Raising Awareness About Colon Cancer One Step at a Time

Raising Awareness About Colon Cancer One Step at a Time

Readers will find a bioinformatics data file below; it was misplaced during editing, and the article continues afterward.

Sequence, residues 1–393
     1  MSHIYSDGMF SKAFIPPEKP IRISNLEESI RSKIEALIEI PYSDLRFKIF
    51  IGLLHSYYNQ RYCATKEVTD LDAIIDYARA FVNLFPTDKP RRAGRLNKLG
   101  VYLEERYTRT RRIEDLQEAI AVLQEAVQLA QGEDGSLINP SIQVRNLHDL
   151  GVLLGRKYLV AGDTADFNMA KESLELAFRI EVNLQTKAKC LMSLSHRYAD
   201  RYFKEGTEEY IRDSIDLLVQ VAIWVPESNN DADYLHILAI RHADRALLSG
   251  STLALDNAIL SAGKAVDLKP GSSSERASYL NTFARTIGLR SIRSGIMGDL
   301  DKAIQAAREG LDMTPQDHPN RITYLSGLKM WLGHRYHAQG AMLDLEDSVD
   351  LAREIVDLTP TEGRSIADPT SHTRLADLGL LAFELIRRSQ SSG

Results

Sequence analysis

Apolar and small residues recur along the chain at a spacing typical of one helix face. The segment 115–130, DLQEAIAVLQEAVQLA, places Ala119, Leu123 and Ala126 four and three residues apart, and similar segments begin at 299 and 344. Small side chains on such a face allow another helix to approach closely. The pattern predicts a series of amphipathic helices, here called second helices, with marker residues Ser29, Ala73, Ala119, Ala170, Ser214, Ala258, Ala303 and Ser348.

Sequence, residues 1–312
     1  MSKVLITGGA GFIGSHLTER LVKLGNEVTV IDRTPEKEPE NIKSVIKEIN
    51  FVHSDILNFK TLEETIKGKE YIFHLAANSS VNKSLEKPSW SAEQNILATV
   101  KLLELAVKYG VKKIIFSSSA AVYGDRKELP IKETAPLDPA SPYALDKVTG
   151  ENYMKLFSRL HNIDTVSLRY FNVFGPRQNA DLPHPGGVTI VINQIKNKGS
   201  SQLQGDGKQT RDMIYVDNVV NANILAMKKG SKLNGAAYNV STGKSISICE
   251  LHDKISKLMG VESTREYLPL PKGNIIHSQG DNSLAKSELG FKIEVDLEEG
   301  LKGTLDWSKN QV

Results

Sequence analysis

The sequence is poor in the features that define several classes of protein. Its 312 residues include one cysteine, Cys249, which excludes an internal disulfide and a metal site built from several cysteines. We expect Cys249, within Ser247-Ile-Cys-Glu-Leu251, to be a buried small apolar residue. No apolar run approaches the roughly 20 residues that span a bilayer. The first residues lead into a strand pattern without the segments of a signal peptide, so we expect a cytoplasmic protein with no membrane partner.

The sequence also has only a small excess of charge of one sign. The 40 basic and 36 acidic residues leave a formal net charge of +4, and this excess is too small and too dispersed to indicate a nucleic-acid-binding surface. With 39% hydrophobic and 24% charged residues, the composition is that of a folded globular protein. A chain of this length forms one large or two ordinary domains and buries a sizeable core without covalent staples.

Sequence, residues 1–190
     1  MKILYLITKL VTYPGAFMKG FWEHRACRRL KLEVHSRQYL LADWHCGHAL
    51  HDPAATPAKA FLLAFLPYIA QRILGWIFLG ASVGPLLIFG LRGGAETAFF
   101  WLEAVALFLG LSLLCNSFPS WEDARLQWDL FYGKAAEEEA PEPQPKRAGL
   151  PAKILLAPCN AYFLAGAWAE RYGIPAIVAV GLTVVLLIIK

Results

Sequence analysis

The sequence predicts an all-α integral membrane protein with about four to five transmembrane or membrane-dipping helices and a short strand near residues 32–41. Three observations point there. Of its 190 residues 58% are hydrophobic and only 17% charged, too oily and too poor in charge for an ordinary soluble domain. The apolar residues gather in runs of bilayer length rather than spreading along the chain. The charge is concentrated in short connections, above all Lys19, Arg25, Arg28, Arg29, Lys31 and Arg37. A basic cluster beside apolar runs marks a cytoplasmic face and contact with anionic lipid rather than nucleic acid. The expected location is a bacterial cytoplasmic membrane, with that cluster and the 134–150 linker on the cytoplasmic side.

I’m not a runner. In high school, I couldn’t even run a seven-minute mile. When I took up jogging in college, I was relieved when I caught bronchial pneumonia at the end of the semester because the instructor excused me from taking the timed run final exam. However, I can walk for miles if I have a destination or a purpose, such as raising awareness about colon cancer. On Feb. 29, I participated in the Colon Cancer Coalition’s Get Your Rear in Gear 5K Run/Walk. The event coincided with Rare Disease Day and the eve of Colorectal Cancer Awareness Month. The American Cancer Society predicts 104,610 new cases of colon cancer and 43,340 new cases of rectal cancer in the U.S. in 2020. One in 23 men and one in 25 women are at risk for colorectal cancer in their lifetime. Although colorectal cancer in IBD patients accounts for just 1 to 2 percent of total colorectal cases in the general population, the disease is the cause of 10 to 15 percent of deaths in IBD patients. The Crohn’s and Colitis Foundation lists six risks for developing colorectal cancer. I check off five of the boxes. The first on the list is a diagnosis of ulcerative colitis or Crohn’s colitis. I have the latter. A second risk factor is having an IBD diagnosis of eight to 10 years. I’ve officially had Crohn’s going on 12 years this summer. Another risk is having primary sclerosing cholangitis (PSC). I was diagnosed with PSC a decade before Crohn’s. Although my disease is now inactive because of my liver transplant, I have a slim chance of the autoimmune liver disease recurring. A family history of colorecta
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